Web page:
After snapping at his boss and destroying more of his friendships, Barry Allen has been reassigned to Iron Heights. It’s somewhat fitting as he put most of the super powered villains there in the first place. Plus, since he’s burning all these bridges on a personal level, he’s now literally and metaphorically on an island. This is a very different world than what Barry is used to, however it is more in line with the Negative Speed Force coursing through his veins. He’s forced to confront people from his past in a twisted walk down Memory Lane.
Since absorbing the Negative Speed Force, The Flash has been a darker book in more ways than one. The tone has been more grim as Barry struggles with these new, and tough-to-control powers. The comic itself has taken on a darker shade, as if a cloud is permanently hanging over Central City. Its ray of sunshine has been diminished.
Iron Heights reflects this very well. When Barry first approaches it, the structure looks like Castle Frankenstein. It looms out of the water like a knife sticking out of a stab wound, appearing before a blood red sky. This is what dread looks like. There is no hope on this island.
The interior is not much better. It’s a prison, so there are no windows. It’s illuminated by fluorescent lighting, giving it a drab, washed-out look. Colorist Ivan Plascencia nailed the tone here perfectly. It removes some of the emotion and humanity from everyone that enters Iron Heights.
The warden fills a few stereotypes of the hard-nosed lawman, but takes them to a new level. This guy hates the men and women in his charge. He seems to enjoy torturing them. They’re all still wearing their costumes to serve as a reminder of who they really are. There is no rehabilitation here. This is all punishment. He even wants to get the Flash behind bars, making him like a militaristic J. Jonah Jameson.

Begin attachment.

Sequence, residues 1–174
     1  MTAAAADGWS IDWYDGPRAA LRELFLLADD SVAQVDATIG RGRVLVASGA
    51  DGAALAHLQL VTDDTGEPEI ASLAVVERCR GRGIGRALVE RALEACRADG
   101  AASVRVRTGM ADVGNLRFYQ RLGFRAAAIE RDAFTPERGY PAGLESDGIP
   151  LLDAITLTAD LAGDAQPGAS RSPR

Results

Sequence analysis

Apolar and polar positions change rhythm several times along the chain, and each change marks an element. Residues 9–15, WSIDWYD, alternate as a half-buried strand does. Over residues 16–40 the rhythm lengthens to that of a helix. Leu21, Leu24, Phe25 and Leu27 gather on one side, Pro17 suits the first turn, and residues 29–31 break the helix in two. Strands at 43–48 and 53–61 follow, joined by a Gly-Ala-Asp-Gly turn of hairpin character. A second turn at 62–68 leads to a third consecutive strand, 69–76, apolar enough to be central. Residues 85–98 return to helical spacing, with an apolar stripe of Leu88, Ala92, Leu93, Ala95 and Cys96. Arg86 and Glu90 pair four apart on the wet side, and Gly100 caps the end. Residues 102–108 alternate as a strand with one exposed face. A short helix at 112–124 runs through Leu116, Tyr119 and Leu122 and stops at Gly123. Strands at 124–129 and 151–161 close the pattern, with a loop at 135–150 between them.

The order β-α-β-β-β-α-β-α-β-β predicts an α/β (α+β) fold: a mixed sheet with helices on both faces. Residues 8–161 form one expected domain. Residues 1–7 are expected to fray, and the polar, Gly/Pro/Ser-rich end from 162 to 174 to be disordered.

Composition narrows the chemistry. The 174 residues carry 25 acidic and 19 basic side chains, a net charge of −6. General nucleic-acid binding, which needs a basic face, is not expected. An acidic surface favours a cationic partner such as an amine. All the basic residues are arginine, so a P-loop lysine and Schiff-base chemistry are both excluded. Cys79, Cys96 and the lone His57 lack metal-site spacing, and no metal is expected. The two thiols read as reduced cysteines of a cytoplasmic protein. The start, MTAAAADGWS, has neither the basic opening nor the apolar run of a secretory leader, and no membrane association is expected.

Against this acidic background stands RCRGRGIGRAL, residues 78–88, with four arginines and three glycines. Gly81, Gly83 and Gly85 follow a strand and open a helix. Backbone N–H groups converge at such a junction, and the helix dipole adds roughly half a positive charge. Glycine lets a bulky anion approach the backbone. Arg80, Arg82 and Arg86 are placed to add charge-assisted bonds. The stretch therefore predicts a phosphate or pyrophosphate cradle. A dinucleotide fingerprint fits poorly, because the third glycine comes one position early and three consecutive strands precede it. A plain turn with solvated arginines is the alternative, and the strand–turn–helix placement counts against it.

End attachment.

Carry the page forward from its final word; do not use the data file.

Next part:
This comes through in his appearance too. Artist Christian Duce gives him a gruff exterior. There are no soft spots in this man. He’s all hard edges and rough patches. You can see that he’s been through a lot. His face is hardened and has probably forgotten how to form a smile.
There are a number of callbacks to previous issues of writer Joshua Williamson’s run on The Flash. He’s picking up threads that have been out there for a little while and pulling them back in to a nice bow, including Barry’s former trainee, August who became the villain Godspeed. Barry is a little shocked to see him at first, perhaps because the guy is in the middle of a brawl with Heat Wave. I think as a super hero, it’s easy to forget what happens to the bad guys once he stops them from committing crime. They’re sent away and that’s that…or is it?
I love the detail Duce puts into every panel, especially with the characters. They’re so emotive. As the comic goes on, the smiles fade away, leaving only disgust and regret.
I almost forgot to mention the opening scene as Kid Flash trains his mentor in how to use the Speed Force again. Working with Wally, Barry is able to keep things under control as the fellow speedster helps regulate his powers a bit. This scene is a completely different tone from the rest of the issue, representing hope and a glimmer of the old Flash. After a heist is foiled, Barry is thrown back to reality, forced to confront all his demons once again, with what little support he has left.
The Flash #32 continues the downward spiral of Barry Allen’s life. Every time you think things couldn’t get worse for the man, something else happens to put him through the ringer. This issue is no different as he gets acclimated to his new job and confronts some of his past failures as a hero. What makes the character so special is that he’s not giving up. He keeps getting pushed down again and again, but he’s finding the strength to pick his head up and soldier on. You can do it, Barry.